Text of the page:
The Dimes

The Silent Generation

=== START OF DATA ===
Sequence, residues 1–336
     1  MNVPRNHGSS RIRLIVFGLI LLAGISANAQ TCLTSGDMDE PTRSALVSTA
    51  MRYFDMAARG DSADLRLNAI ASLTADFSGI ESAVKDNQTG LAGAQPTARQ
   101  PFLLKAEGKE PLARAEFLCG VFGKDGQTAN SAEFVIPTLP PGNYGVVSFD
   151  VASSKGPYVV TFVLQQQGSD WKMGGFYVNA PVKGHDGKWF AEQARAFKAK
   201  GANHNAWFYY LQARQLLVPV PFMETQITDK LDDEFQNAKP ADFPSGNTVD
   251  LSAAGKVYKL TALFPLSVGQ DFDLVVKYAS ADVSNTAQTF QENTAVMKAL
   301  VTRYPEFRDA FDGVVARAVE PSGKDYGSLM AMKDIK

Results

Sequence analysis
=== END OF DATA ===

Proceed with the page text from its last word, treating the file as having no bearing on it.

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The Dimes started a buzz with a bright, poppy 2006 EP that featured a "hit" single, "Catch Me Jumping," the story of a friend who enlisted in the navy, went a bit crazy, and jumped off of his ship in the Persian Gulf. The tune has a bright, bouncy beat, driving acoustic/electric guitars, a slightly surrealistic lyric, and the bright, breezy vocals of guitarist, songwriter, and bandleader Johnny Clay. The band's restrained performance puts the band's sound halfway between folk-rock and pure pop, while Clay's vocals are simply stunning. Just before they started recording their debut, second guitarist Pierre Johnson discovered a stash of Depression era newspapers hidden beneath the floorboards of his Portland, OR house. Clay began reading the old papers, then writing songs about the colorful stories he discovered. The songs he produced maintain the band's folk/pop feel. Even when the subject matter is grim -- the St. Valentine's Day Massacre, the hard times families faced in the Great Depression -- Clay brings a ray of sunshine to the tale with his upbeat melodies and optimistic singing. "The Jersey Kid" gives us the brief outline of a murder trial that ends with a death sentence. Crisp acoustic guitars, a bright wordless chorus, and the playful rhythm of flamenco handclaps give the tune an upifting feel, despite the grim subject matter. "New York, 1930" tells the story of a pro-Sacco-Vanzetti demonstration that became a vicious riot. Clay sings "The Reds are rioting in Times Square..," to the strum of an acoustic guitar, a chorus of angelic overdubbed harmonies, and what sounds like a Baroque recorder tooting in the background. It's another beautiful, surrealistic moment. "Letters in the Sea" is a song about a box of 300 letters that washed up on the Jersey shore. Clay wonders about the effect the undelivered letters had upon those who never got them. His poignant vocal and the band's quiet modern rock arrangement -- think of a brighter, lighter New Order -- give the song an aura of ambiguous mystery. While the songs provide snapshots of a bygone America -- an obituary of Emmy Destinn, the top opera star of her day; the tale of a man who survives a bullet to the head only to find that he can't sleep, and stays awake for the rest of his life -- the Dimes' soft rock delivery is completely modern, investing the tales with the humanitarian romance of a Frank Capra movie. The Dimes have done what most bands dream of, creating an alternate universe of warm pop music with a sunny vibe that'll keep toes tapping and plaster a sunny smile on every listener's face.

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